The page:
Because of the new terms and concepts introduced in (14a) it is NOT obvious or self-evident that (K) logically implies (14a).  Perhaps if we think carefully about this inference we will arrive at the conclusion that (K) does in fact logically imply (14a), but this again raises the concern that a part of Geisler’s argument is LESS obvious or LESS certain than the conclusion of the argument.  If we have to engage in a significant bit of thinking to determine whether (K) logically implies (14a), then this inference might well be a second weakness in the argument, making the truth of (14a) LESS obvious or LESS certain than the truth of (K), which already is LESS obvious or LESS certain than the conclusion of the argument.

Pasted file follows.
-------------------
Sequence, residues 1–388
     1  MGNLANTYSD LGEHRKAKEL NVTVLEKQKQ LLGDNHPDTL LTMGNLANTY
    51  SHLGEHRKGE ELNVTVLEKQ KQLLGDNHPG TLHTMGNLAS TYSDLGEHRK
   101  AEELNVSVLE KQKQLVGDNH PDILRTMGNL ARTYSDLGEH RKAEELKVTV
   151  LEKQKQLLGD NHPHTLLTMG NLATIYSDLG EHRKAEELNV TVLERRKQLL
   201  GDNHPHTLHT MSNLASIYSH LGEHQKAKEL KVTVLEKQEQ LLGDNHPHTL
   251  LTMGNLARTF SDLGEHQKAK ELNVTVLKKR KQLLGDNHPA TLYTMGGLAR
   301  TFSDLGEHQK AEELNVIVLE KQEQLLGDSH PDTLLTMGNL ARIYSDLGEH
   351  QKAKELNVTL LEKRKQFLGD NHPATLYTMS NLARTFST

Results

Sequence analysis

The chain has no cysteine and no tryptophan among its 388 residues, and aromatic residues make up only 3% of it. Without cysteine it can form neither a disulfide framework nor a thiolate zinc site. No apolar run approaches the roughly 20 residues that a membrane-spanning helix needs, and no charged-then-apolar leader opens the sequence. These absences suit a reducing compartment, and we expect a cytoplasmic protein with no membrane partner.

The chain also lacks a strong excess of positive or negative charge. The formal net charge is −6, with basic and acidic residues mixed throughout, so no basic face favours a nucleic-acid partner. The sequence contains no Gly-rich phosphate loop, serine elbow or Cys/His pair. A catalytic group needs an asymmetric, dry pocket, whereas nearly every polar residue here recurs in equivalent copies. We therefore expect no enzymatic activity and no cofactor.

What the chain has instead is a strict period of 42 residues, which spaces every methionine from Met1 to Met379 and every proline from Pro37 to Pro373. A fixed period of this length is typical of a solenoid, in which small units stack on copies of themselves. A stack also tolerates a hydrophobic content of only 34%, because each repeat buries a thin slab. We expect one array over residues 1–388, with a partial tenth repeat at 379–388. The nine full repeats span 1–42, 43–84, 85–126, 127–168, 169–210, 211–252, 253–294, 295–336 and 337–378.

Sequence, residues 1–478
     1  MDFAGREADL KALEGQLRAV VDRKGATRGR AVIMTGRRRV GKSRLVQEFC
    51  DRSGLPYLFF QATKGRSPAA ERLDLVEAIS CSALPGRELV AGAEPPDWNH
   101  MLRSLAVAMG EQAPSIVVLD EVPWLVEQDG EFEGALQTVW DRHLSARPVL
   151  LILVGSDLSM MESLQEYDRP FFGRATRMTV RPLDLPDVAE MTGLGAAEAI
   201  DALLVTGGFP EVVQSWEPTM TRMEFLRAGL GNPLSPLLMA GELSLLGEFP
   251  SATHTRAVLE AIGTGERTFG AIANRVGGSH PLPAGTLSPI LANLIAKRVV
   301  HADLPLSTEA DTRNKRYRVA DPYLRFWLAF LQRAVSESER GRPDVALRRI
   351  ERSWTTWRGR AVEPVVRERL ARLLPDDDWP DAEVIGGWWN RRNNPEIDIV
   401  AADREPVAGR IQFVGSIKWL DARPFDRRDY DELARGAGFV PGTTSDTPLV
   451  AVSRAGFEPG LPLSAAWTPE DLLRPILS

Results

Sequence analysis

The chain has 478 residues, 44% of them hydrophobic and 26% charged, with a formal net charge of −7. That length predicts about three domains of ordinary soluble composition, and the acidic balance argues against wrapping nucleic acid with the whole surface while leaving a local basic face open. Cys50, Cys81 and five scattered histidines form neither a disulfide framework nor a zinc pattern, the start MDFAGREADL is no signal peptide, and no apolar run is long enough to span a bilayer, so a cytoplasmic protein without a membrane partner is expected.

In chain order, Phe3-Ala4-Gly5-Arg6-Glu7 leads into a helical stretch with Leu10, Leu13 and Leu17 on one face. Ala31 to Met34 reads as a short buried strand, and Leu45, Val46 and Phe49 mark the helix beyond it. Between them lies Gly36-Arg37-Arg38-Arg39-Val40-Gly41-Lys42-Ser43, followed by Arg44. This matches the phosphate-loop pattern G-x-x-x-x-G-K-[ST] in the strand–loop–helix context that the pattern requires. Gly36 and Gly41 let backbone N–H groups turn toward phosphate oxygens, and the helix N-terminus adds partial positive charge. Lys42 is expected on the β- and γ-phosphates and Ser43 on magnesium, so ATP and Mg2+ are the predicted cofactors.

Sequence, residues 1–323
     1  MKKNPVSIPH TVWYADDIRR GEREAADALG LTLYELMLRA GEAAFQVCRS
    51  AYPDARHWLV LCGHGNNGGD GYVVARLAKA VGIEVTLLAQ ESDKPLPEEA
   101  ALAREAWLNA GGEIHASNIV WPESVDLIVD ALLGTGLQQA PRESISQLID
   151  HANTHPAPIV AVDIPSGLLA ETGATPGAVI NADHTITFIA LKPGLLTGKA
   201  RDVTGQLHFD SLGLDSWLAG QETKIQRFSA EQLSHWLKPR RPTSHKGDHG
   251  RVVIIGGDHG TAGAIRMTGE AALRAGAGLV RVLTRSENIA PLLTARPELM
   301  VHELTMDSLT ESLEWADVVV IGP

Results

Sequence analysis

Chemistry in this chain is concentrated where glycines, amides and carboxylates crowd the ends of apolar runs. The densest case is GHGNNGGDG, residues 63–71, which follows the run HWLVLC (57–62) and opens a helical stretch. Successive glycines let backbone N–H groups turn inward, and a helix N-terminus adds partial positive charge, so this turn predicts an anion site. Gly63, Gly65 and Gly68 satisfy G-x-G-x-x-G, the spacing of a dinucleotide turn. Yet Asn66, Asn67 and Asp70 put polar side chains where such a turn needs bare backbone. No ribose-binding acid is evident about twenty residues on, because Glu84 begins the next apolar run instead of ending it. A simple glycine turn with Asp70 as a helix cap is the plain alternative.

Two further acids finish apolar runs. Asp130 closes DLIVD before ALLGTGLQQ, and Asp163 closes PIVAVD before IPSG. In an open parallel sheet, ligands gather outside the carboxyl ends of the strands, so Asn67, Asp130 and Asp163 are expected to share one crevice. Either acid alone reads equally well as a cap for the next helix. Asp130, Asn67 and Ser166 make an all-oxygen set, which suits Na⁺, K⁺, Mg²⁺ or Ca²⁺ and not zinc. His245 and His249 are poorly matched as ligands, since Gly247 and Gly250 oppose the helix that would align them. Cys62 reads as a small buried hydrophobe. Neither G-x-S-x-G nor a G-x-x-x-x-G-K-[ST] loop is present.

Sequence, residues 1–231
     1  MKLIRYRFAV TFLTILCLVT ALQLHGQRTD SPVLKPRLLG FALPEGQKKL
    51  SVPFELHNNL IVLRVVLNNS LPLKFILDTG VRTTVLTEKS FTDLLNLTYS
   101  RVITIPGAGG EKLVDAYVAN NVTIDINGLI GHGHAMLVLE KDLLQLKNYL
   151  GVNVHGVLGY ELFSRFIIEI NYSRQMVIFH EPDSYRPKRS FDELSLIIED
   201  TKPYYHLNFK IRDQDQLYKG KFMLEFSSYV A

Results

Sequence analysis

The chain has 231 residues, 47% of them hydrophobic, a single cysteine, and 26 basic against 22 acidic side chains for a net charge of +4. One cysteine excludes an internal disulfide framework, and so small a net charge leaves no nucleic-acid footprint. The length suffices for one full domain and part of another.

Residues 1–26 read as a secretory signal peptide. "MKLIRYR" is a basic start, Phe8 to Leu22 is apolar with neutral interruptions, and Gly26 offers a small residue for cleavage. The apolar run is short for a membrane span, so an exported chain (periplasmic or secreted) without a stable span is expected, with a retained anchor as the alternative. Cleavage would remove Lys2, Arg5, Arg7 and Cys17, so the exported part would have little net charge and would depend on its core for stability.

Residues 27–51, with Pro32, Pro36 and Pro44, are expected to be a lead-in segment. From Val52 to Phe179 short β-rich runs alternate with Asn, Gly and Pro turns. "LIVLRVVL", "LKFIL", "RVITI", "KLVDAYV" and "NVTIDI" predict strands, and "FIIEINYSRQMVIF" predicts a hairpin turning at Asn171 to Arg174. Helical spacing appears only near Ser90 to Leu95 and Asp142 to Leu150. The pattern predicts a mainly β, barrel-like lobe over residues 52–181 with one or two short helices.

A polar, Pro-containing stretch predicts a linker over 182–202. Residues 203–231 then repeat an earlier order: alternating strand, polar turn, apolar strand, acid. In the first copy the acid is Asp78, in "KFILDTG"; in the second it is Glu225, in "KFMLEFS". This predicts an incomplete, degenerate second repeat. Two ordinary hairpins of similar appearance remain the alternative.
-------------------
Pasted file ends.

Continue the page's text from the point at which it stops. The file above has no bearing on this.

In short, every time we encounter a premise or inference that is less than clearly obvious or clearly certain, we depart further from the requirement (for deductive arguments) that the components of the argument be MORE obvious and MORE certain than the conclusion of the argument.  So, if the inference from (K) to (14a) is something less than clearly obvious and clearly certain, then the failure of this argument will be doubly confirmed.

I’m going to set aside my reservations about the introduction of the phrase “any attempt” in premise (14a).  That is to say,  I will grant the assumption that if a person’s denial of his/her own existence necessarily involves that person implicitly affirming his/her own existence, then it would ALSO be the case that “any attempt” by a person to deny his/her own existence necessarily involves that person implicitly affirming his/her own existence.  I will assume here that “any attempt” at such a denial would be equivalent to in fact making such a denial.